Large Language Models (LLMs) are vulnerable to `Jailbreaking' prompts, a type of attack that can coax these models into generating harmful and illegal content. In this paper, we show that pruning up to 20% of LLM parameters markedly increases their resistance to such attacks without additional training and without sacrificing their performance in standard benchmarks. Intriguingly, we discovered that the enhanced safety observed post-pruning correlates to the initial safety training level of the model, hinting that the effect of pruning could be more general and may hold for other LLM behaviors beyond safety. Additionally, we introduce a curated dataset of 225 harmful tasks across five categories, inserted into ten different Jailbreaking prompts, showing that pruning aids LLMs in concentrating attention on task-relevant tokens in jailbreaking prompts. Lastly, our experiments reveal that the prominent chat models, such as LLaMA-2 Chat, Vicuna, and Mistral Instruct exhibit high susceptibility to jailbreaking attacks, with some categories achieving nearly 70-100% success rate. These insights underline the potential of pruning as a generalizable approach for improving LLM safety, reliability, and potentially other desired behaviors.
Recent advances in deep learning, in particular enabled by hardware advances and big data, have provided impressive results across a wide range of computational problems such as computer vision, natural language, or reinforcement learning. Many of these improvements are however constrained to problems with large-scale curated data-sets which require a lot of human labor to gather. Additionally, these models tend to generalize poorly under both slight distributional shifts and low-data regimes. In recent years, emerging fields such as meta-learning or self-supervised learning have been closing the gap between proof-of-concept results and real-life applications of machine learning by extending deep-learning to the semi-supervised and few-shot domains. We follow this line of work and explore spatio-temporal structure in a recently introduced image-to-image translation problem in order to: i) formulate a novel multi-task few-shot image generation benchmark and ii) explore data augmentations in contrastive pre-training for image translation downstream tasks. We present several baselines for the few-shot problem and discuss trade-offs between different approaches. Our code is available at https://github.com/irugina/meta-image-translation.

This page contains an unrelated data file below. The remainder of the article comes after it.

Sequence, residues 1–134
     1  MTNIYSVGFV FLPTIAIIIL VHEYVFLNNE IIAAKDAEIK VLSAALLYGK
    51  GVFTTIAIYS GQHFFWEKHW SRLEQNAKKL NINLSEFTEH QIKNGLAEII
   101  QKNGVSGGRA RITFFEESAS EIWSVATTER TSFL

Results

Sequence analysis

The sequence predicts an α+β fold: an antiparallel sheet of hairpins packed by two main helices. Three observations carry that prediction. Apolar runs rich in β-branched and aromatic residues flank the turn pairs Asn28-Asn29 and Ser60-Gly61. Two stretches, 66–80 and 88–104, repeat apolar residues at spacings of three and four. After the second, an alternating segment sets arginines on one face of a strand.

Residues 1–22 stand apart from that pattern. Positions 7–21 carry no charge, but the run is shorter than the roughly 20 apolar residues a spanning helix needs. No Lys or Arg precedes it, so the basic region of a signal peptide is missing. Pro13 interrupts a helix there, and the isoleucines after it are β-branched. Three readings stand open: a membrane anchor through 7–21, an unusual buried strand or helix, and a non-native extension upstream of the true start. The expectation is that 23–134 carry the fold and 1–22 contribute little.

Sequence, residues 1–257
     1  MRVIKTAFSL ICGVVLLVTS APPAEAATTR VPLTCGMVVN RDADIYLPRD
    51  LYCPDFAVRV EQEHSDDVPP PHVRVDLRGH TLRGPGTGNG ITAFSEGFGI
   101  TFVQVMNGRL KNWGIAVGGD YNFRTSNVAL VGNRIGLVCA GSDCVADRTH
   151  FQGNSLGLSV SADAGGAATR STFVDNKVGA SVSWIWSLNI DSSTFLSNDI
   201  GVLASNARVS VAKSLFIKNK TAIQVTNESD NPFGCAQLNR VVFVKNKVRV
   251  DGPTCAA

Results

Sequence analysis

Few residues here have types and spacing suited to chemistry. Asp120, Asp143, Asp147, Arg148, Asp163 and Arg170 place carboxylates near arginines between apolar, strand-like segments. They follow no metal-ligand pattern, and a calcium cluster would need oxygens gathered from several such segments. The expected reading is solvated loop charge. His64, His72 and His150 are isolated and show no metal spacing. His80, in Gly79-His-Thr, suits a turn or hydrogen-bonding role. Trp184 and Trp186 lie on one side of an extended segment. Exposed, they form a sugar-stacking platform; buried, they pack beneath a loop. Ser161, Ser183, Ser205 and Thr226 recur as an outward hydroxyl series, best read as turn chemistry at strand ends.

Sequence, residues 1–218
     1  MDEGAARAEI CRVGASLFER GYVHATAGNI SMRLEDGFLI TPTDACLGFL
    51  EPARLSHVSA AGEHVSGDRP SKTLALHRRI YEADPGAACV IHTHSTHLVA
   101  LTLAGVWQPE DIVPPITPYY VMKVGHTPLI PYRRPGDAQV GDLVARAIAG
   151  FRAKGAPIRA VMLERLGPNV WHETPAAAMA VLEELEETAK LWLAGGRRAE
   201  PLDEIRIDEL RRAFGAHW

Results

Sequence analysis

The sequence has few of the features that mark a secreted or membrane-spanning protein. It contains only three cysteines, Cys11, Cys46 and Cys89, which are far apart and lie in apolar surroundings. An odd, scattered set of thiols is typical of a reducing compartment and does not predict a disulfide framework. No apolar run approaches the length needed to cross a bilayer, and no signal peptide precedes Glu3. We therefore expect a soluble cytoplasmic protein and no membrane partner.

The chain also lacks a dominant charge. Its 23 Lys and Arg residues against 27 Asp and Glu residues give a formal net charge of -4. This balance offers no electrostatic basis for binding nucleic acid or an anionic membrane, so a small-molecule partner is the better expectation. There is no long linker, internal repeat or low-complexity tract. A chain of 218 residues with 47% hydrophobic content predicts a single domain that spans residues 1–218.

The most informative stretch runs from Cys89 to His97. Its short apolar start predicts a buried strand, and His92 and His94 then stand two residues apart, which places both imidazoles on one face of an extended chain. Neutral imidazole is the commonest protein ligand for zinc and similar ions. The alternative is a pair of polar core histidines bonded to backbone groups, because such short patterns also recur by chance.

The attention mechanism is a key component of the neural revolution in Natural Language Processing (NLP). As the size of attention-based models has been scaling with the available computational resources, a number of pruning techniques have been developed to detect and to exploit sparseness in such models in order to make them more efficient. The majority of such efforts have focused on looking for attention patterns and then hard-coding them to achieve sparseness, or pruning the weights of the attention mechanisms based on statistical information from the training data. In this paper, we marry these two lines of research by proposing Attention Pruning (AP): a novel pruning framework that collects observations about the attention patterns in a fixed dataset and then induces a global sparseness mask for the model. Through attention pruning, we find that about 90% of the attention computation can be reduced for language modelling and about 50% for machine translation and %natural language inference prediction with BERT on GLUE tasks, while maintaining the quality of the results. Additionally, using our method, we discovered important distinctions between self- and cross-attention patterns, which could guide future NLP research in attention-based modelling. Our approach could help develop better models for existing or for new NLP applications, and generally for any model that relies on attention mechanisms. Our implementation and instructions to reproduce the experiments are available at https://github.com/irugina/AP.